Chemistry matters in high school tennis.
Ask any of the doubles teams in the Class 2A district championships and they’ll all tell you the same thing.
“I think it’s really important,” Squalicum’s Kevin Smiley said. “For doubles, it’s pretty much the main thing.”
That simple fact was on full display Wednesday, Oct. 22, at the Bellingham Tennis Club, when Bellingham’s duo of Nate Pearsall and Logan Schilder and Squalicum’s team of Drew Segren and Smiley advanced to the semifinals of the district championships.
But what distinguishes the two teams is a matter of a couple dozen matches.
The Squalicum duo hasn’t played together all season, yet were paired for the playoffs for the third straight season. Bellingham’s seniors on the other hand have been together since freshman year.
Yet neither had problems winning their quarterfinal matches.
Segren and Smiley defeated teammates Liam Brownlie and Carter Nickelson 6-3, 6-1, and looked as if they’d been paired together all season. But chemistry doesn’t come easy for the two.
“I feel like we were really focusing on trying to work as a team more than just trying to go solo and win like that,” Smiley said. “I think we did pretty good together as a team.”
For Pearsall and Schilder, it’s a much more instinctual feeling. After all, they’ve been playing together for four years. One is bound to figure out the ins and outs of their partner’s game and it showed in their 6-4, 6-2 win over Sehome’s Henry Han and Dane Faris.
“It’s definitely big,” Pearsall said. “We know what each other is going to do. We don’t need to talk to each other. We know which one of us is going to switch and all of that.”
What also helps Pearsall and Schilder is the skill set each has, Bellingham coach Steve Chronister said.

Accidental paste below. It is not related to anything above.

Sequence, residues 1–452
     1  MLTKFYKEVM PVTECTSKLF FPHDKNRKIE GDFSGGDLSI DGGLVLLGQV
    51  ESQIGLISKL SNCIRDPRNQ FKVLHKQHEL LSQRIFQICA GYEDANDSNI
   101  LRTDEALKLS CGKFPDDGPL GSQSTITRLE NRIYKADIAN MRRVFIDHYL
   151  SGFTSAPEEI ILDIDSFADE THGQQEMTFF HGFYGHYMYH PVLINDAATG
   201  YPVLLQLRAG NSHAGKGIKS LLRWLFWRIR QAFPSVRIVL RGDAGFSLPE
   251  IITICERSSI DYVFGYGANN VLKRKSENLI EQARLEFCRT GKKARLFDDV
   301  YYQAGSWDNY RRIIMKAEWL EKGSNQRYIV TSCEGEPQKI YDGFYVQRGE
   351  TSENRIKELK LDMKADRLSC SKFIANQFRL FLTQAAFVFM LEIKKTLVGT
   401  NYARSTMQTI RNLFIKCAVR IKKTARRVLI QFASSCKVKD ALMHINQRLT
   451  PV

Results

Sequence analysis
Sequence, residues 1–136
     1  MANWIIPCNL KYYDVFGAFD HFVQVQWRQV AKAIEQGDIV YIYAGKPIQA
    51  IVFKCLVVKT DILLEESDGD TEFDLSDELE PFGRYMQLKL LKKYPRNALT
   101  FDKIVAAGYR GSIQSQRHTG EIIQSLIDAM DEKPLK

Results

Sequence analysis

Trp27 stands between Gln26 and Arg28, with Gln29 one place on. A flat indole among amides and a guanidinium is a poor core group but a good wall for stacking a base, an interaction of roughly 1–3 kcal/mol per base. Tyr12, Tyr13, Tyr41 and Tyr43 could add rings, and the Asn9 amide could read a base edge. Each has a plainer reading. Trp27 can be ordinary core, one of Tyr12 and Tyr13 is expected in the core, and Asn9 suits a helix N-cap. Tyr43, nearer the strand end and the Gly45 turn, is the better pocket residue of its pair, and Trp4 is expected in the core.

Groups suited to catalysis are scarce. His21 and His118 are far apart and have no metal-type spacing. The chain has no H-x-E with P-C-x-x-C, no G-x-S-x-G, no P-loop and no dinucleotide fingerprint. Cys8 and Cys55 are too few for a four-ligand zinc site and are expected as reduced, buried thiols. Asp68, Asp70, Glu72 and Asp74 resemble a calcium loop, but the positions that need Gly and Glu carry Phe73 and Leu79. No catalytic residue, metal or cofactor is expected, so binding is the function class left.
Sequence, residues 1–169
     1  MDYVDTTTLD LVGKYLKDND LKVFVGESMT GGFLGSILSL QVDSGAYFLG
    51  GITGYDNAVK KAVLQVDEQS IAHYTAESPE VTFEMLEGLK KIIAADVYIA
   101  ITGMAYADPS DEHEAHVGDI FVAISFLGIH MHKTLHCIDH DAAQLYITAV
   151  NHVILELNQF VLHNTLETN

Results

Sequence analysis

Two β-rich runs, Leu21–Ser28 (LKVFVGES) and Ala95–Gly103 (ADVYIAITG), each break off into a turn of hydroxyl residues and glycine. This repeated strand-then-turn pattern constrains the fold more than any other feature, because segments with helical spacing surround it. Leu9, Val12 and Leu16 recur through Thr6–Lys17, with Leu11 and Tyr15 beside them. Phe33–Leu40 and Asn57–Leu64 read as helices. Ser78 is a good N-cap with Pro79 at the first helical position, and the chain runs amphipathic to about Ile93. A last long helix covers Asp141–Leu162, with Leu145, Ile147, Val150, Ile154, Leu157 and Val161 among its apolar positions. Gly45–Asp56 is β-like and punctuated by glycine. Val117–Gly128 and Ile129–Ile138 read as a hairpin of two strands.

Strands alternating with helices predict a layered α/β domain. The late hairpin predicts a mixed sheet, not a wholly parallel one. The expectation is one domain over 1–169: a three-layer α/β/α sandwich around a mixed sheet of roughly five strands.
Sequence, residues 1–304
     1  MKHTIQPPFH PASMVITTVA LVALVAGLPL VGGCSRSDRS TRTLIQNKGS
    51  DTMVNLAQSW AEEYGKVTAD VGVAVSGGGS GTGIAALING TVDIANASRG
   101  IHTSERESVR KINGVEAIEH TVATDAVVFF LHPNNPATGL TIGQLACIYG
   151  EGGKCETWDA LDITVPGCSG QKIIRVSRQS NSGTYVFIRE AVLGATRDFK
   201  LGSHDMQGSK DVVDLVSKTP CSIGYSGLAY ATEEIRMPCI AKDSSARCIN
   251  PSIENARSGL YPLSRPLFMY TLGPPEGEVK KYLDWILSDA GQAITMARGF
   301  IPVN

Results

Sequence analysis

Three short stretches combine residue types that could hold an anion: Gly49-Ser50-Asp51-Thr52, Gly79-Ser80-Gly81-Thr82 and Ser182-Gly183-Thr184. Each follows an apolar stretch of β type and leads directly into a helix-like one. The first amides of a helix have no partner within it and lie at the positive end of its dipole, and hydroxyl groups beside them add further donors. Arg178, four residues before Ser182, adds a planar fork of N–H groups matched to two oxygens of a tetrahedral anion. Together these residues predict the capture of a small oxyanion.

The 6-foot-11 Schilder, who stood out above the eight players on the two courts even from the far spectator end of Bellingham Tennis Club, is almost the exact opposite of the much shorter Nate Pearsall.
They also play at the same skill level — neither one holds the other back — an extremely beneficial asset to any doubles pairing, Chronister said.
“They’ve always been about the same ability just in a different way,” Chronister said. “I’ve always thought they were effective as a doubles team.”
Despite the strong chemistry, the Red Raiders’ team by no means pulled away from Han and Faris.
The duo didn’t pull away until it was 4-1 in the second set.
“The Sehome kids just kept scrapping and hanging in there,” Chronister said. “We missed a few shots that we’d rather not miss. But we made a lot of great ones. ... Our guys are pretty strong and powerful, so they do that well.”
For Segren and Smiley, it was a slightly quicker match but the two had to deal with something that doesn’t happen in the regular season — playing teammates. Brownlie and Nickelson have been a duo all year and weren’t a walkover for the No. 2-ranked team in the bracket.
But despite the four players knowing each other well, it was all business when they stepped on the court.
“You’re usually having a lot of fun in practice, messing around and stuff,” Segren said. “Once you get into district matches, you have to stay focused. You’re not supposed to be jumping around.”
Another thing all eight players got to experience was playing indoors after rain delayed the tournament on Monday and Tuesday, forcing the matches to be scattered across Whatcom and Skagit County Wednesday.
The benefit to playing indoors is there is no wind or no sound, Chronister said.
The overhead lighting, however, provided a new challenge.
“The lighting is a bit different too. With the lighting above our heads, we have to track the ball a little more,” Segren said.
It’s also a lot hotter, Smiley joked.
In the semifinals, Segren and Smiley will play Shorecrest’s Wacker and North, who beat Bellingham’s Chris Nakatani and Zach Nolan on Wednesday. Pearsall and Schilder will play Sehome’s Reece Gilbert and Darren Ma, who advanced earlier in the day at Skagit Valley College.
In the morning matches at Skagit Valley College on Wednesday, Sehome’s Max Shmotolokha and Brady Anderson advanced to the singles semifinals. Bellingham’s Charlie Carmichael also advanced to the semis in the singles bracket. Bellingham’s Connor Thompson slid to the consolation bracket after losing to Carmichael.
On Thursday, play begins at 8 a.m. at Skagit Valley College.